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tv   The News With Shepard Smith  CNBC  December 19, 2020 12:00am-1:00am EST

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and th tathey wish that they were a part of it. so, you know, the sharks can keep investing in, like, sideshow porta-pottis and things like that. we're building a platform that's gonna change the world. man: this has been a lot of my life, and i just want to share that with people. there is a tenacity that i have, and nothing's gonna stop me. what you've done is just inspiring. narrator: and the dream continues now. kevin, they say you're wrong. i'm never wrong. i'm always right. i will make you a millionaire. look, i'm rich. i'm really, really, really rich. -ha ha! -oh, my god! -we got a deal! -welcome to "shark tank". look, i'm just an investor trying to scratch out a living here, okay? captions by vitac --
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♪ sharks. well, well, well. look who's back. narrator: five years ago, jamie siminoff pitched the sharks doorbot, which became ring, a smart video doorbell company. i want a 10% royalty, and i get 5% of the company's equity. mr. wonderful, we're gonna decline. go kick some ass, jamie. narrator: let's see what he's up to now. siminoff: i was devastated walking out of the tank without a deal. we needed that money to continue to grow, and now we didn't have it. we got one of those royalty offers from kevin, but there was no way we were gonna be able to afford that. but if it wasn't for "shark tank," ring would have never had the exposure that brought people like richard branson in to invest and build it into what it is today. as a kid, i spent a lot of time in the basement just building things. i built a humane mousetrap, a blanket to make myself colder 'cause we didn't have air-conditioning. most of them were failures. it's a video doorbell built for your smartphone.
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i started doorbot because i was working in my garage, and i couldn't hear the doorbell, and i thought, "why wouldn't the doorbell go to my phone?" at doorbot and ring, we failed many times. what kept me going was our mission to reduce crime in neighborhoods. we knew we were doing something better for the world, and we wanted to continue it. if we want to achieve that mission, it all starts here. it has been a really big year for ring. now amazon is buying the company for $1 billion. siminoff: what's great about amazon is they're gonna let ring still run as an independent company that lets me focus on what i love -- building product and making neighborhoods safer. "shark tank" has been key to me achieving my american dream, and i think it's been such a great show for families to watch. kids are growing up seeing what entrepreneurs can do, what inventors can do, and how you can build your own destiny. it's amazing to think that five years ago, i was a broke inventor running this business in my garage, and today, i have the means and freedom beyond my imagination. now i'm really excited for the next chapter in my life. -welcome. welcome. -welcome! -hi. -welcome.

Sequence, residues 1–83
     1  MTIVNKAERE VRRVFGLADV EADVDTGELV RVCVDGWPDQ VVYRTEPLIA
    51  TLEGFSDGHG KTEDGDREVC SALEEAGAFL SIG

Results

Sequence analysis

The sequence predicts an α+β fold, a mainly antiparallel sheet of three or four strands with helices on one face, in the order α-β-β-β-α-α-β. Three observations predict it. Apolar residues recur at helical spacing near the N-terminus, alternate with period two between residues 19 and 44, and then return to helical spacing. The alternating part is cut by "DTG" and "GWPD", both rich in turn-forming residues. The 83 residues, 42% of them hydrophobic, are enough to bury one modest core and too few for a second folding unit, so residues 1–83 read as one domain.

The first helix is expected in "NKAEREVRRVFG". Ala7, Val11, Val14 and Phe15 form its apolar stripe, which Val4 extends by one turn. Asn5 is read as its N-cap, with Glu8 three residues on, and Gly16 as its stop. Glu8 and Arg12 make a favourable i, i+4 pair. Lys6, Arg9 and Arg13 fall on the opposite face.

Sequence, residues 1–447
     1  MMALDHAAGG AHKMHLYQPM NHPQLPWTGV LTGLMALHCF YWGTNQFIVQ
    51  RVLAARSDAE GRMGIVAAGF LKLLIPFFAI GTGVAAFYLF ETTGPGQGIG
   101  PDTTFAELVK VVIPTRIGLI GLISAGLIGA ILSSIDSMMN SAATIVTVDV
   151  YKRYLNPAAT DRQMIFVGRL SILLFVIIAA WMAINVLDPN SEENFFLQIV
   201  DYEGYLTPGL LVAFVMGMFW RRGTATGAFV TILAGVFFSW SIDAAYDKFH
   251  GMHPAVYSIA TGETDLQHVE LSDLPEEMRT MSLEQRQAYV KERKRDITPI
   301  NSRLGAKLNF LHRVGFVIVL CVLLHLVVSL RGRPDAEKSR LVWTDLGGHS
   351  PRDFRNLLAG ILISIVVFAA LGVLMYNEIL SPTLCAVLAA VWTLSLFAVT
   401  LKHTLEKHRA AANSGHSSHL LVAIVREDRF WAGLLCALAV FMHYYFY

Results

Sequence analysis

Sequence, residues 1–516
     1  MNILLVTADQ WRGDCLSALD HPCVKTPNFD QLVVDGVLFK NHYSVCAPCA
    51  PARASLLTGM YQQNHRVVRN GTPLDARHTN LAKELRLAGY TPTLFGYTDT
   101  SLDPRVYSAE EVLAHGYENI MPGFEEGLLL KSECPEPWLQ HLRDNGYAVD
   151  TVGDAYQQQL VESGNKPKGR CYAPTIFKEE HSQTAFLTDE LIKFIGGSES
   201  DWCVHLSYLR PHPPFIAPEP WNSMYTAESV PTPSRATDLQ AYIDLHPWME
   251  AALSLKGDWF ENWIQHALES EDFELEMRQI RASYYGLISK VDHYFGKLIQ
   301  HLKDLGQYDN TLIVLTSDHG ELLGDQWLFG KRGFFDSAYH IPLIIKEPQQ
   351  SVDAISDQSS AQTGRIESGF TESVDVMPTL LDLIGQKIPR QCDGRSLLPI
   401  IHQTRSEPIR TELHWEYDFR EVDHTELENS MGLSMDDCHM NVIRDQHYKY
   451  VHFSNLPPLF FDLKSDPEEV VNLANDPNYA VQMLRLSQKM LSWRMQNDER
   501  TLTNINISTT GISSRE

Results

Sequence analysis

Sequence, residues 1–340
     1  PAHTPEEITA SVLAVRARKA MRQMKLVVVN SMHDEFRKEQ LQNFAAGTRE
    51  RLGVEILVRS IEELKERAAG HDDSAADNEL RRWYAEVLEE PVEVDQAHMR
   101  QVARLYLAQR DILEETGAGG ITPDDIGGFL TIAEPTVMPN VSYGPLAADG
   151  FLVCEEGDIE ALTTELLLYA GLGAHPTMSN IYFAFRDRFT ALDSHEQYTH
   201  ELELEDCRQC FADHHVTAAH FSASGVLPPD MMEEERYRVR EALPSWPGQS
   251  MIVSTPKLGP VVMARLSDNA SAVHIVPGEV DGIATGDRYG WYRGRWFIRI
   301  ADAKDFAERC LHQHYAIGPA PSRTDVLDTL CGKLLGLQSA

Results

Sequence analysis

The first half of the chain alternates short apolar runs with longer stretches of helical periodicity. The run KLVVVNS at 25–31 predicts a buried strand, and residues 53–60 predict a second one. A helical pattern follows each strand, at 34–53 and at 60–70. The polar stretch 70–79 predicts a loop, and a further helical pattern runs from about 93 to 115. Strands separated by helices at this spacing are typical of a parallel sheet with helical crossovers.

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i was the only one that believed in you. john: congratulations, man. take a seat over here, brother. welcome. congratulations. congrats. hey, thank you. welcome. -right here, buddy. -pull up a chair. let's go to work. not bad. you deserve your seat there. knock them dead. have fun. thanks, man. narrator: first into the tank is a solution to one inconvenient aspect of online shopping. ♪ hi. i'm brad ruffkess. i'm from atlanta, georgia, and i'm the ceo and founder of boxlock. i'm here today asking for $1 million -for 5% of my company. -ohh. e-commerce sales are set to skyrocket past half a trillion dollars this year. that means that americans are receiving more packages and home deliveries than ever before, but there's a huge problem. how are we going to protect all the deliveries
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from porch pirates and package thieves? like millions of other people, i had cameras installed to be able to keep an eye on all the deliveries we received. literally the very next day, i watched some guy walk up and steal two packages off our front porch. and so that's why i created boxlock. boxlock's a smart padlock. you put it on a storage container outside of your house. when your friendly delivery driver walks up, he's gonna use the lock to scan the tracking number on the package. if that package is out for delivery to you, the lock pops open, giving him access. he's gonna put the package inside, lock it up. you're gonna get a notification on your phone, letting you know that your package has been delivered securely. we know it's a win for anybody who buys anything and anybody who ships anything, and that's why we know boxlock will be a win for you, too. i'd love to share some samples with you... -sure. -please. ...and answer your questions. thank you.
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aww, thank you. you're such a gentleman. you're welcome. -thanks a lot. -thank you. o'leary: so, brad, um, it wasn't long ago that someone very much involved in security came in here and asked for a ridiculous valuation. i was the only shark that believed in him, and now look what happened. what happened? he could've made a lot of money. -instead, he made some. -and now he's working. [ laughter ] you're right beside me now. this is -- looks, feels really great and solid, so what have you put in so far? where is the product at today? right now, in -- in r&d, we've probably put in, uh, about half a million dollars. -oh! -wow. it is in manufacturing right now. uh, it is in the process of shipping. so, you haven't gotten any into the consumers' hands yet, but what have been your sales? we've actually sold 800 units on pre-sale. and what were the units being sold for? uh, the units at that point were being sold between $89 to i think $109 on kickstarter. how much now?